The Wankh by Jack Vance

Should a literary masterpiece published in America surrender both its title and content decades later at the whim of contemporary British gutter slang? I cannot imagine it. Surely the least of Jack Vance's work will long endure past the demise of off-color terms in any local dialect, even that of Her Majesty. Who even knows how many other such terms there might be? If yielding to one, then why not to all? Indeed, do let a Compton rap artist have a go at redacting Shakespere. Would not Londoners very rightly be appalled? Just as rightly am I entitled to heartfelt disappointment over alterations now appearing in a volume of the Vance Integral Edition.

What can have caused me such an upset? After all, striking changes of title in many another volume have aroused, at least from me, no slightest comment. These others I can well accept as genuine restoration of the author's true and original choices. My singular disquiet arises from clear and unmistakable changes propagated through all four novels of the Tschai series, in very particular to The Wankh. Such result has vandalized these timeless classics. Now then, one might very well declare that I strongly overreact to this work having been retitled as The Wannek. A title after all appears in two places only such that one need hardly more than glance them. Infinitely more upsetting to me is the necessary following up: a wholesale search-and-replace carried out upon the principal antagonists in so very many places throughout not just one but all four of the series. Thereby do I apprehend a chief tenet of the VIE to have been violated: to undo the hackneyed depredations of former editorial staffs and restore every work to its most original form. How is it that they now seem to do just the opposite?

Know that I was present on one occasion when this very subject was brought up, perhaps not for the first time, but certainly one of the early times, and very clearly not the last. I personally heard Jack respond unwarmly to this very change as impertinently suggested by an early (and as I am now informed, short-tenured) member of the VIE team. This individual would not let it rest. He, a Brit, brought it up again and again until Jack clearly tired of the topic and gave a very reluctant ascent, if memory serves...something to the effect of, "I don't give a damn". I further recall that this very Brit, Alan Bird, was so bold as to even proffer suggested alternatives, two-syllabled every one.

I wish it known that as a mere, first-wave digitizer my invitation to this conclave came only as a courtesy. No place of mine was it to offer opinion on textual integrity. So alarming was this turn of events however that I felt it obligatory to make an attempt at damage control. I offered that, if it truly be necessary (and hardly did I think that it was) then perhaps something so minimal as a diacritical mark above original term's single vowel might suffice to adequately differentiate it from the offending British conotation. But no, it in no way satisfied Mr. Bird. Another Brit was also present and lent his weight behind Mr. Bird, although not anywhere so adamantly. Shortly alternatives were discussed, all of them more than one syllable, and a choice was grudgingly made. I cannot say at this remove whether it may actually have been Wannek. But all the alternatives did have a similar flavor. Not a one had any ring of an alien intonation, just as Wannek does not. Later that same evening a very pleased Alan Bird did remark to the effect (memory here is inexact), "That word should never have been forced upon the English public".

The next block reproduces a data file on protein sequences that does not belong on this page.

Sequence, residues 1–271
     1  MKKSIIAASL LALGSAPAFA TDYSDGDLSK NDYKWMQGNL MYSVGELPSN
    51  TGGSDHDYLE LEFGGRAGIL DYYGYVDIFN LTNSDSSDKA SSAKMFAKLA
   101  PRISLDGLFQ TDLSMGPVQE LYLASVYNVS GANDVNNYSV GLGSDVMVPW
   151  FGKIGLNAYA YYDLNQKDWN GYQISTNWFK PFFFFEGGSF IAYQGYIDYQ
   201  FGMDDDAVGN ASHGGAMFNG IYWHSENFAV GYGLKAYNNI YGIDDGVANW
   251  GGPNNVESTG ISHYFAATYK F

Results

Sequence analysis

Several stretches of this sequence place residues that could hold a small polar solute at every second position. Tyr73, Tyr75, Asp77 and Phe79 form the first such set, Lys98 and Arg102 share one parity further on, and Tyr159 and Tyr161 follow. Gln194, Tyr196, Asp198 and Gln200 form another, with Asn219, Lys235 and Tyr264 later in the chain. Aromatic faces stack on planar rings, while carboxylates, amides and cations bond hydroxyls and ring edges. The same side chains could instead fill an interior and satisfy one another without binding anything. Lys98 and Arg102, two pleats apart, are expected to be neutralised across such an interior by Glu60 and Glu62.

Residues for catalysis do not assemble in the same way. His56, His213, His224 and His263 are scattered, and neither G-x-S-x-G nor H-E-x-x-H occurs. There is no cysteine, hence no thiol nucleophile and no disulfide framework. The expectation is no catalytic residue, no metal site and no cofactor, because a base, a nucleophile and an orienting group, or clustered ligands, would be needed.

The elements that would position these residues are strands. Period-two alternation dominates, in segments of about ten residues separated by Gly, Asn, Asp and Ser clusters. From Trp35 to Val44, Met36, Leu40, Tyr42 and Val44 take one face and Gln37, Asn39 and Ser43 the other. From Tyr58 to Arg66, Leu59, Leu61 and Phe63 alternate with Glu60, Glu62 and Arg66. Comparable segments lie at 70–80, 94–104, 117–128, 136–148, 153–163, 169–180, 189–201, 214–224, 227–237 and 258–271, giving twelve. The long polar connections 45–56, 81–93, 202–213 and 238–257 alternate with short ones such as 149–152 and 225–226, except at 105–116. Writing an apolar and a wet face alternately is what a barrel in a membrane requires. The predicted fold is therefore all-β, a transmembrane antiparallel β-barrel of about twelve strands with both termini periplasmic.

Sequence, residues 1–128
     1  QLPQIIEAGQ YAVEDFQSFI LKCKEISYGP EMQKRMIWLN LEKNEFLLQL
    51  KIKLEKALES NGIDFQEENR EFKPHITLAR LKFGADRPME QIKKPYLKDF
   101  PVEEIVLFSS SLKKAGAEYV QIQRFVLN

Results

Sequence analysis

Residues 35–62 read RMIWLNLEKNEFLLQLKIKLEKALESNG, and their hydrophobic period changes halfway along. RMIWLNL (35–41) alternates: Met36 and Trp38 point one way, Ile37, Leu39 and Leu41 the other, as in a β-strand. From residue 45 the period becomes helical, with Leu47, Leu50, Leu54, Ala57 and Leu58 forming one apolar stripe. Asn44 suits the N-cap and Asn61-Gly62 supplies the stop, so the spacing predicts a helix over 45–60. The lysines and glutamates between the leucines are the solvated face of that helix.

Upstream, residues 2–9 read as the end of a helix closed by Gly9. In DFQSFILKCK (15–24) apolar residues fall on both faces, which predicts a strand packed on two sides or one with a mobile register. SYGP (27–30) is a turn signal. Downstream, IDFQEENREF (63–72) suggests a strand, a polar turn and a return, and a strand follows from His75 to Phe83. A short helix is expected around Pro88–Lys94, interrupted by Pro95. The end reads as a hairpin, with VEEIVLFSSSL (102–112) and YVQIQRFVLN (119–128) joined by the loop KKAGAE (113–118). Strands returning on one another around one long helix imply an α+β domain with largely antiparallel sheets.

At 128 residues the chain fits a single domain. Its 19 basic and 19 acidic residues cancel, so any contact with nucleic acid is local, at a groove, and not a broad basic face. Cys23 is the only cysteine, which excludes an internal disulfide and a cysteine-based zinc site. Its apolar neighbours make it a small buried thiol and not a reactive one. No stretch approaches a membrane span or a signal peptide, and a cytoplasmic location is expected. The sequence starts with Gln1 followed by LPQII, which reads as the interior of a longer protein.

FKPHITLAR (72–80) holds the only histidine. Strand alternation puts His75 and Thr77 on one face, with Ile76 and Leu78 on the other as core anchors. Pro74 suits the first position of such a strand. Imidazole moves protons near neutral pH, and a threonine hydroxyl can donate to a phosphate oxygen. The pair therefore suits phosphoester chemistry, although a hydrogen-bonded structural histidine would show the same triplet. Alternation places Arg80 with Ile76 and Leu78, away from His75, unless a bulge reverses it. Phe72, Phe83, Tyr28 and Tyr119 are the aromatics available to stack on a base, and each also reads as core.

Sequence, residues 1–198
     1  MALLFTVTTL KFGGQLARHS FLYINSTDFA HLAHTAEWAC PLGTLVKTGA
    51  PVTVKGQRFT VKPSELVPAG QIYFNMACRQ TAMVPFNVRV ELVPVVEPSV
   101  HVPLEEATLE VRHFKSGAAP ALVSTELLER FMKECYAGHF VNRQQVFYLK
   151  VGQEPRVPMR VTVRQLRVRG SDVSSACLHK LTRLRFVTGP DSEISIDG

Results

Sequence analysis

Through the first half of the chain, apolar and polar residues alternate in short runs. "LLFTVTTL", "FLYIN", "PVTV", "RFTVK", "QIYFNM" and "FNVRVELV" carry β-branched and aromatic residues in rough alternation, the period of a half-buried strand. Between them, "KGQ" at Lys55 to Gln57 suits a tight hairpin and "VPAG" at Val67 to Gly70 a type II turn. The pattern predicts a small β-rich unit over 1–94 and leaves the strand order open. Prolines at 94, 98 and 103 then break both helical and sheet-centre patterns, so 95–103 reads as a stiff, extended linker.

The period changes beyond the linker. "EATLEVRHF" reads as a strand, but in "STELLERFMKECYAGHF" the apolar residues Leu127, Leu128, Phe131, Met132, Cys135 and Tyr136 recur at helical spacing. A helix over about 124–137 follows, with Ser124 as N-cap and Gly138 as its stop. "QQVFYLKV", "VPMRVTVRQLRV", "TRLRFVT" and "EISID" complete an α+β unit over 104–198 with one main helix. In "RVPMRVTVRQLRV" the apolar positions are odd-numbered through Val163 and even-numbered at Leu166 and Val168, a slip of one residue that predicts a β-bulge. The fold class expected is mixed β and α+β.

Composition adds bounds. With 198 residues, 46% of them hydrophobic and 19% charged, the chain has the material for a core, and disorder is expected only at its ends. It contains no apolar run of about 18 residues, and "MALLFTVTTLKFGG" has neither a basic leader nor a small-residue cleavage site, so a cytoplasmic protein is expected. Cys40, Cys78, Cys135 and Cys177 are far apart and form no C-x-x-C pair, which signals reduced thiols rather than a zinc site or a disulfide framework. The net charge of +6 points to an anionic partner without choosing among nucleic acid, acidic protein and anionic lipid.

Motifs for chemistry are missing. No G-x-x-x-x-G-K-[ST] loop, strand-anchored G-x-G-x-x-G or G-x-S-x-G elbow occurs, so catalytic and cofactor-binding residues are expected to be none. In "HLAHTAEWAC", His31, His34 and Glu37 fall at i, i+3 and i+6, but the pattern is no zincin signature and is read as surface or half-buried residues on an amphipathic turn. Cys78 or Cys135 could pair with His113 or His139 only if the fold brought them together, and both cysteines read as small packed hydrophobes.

I worried over what I had seen and heard all during the return flight home, resolving to object through the then-official, on-line discussion board (pre with other members of the VIE team. John Vance at that time settled the issue by reporting his father's preference for the true and original title. (Just possibly, the VIE may have been diligent enough to maintain an archive of that board.) Shortly thereafter, the initial scanning and OCR work completed, I took my leave of the VIE with a sigh of relief that a dire crisis had been averted. I was equally proud of having stood on the side of right in that discussion as of the many weeks spent standing at the scanner and manually checking the OCR. That satisfaction is now cut by half, alas. Sometime later the issue seems to have come up again with lamentable result.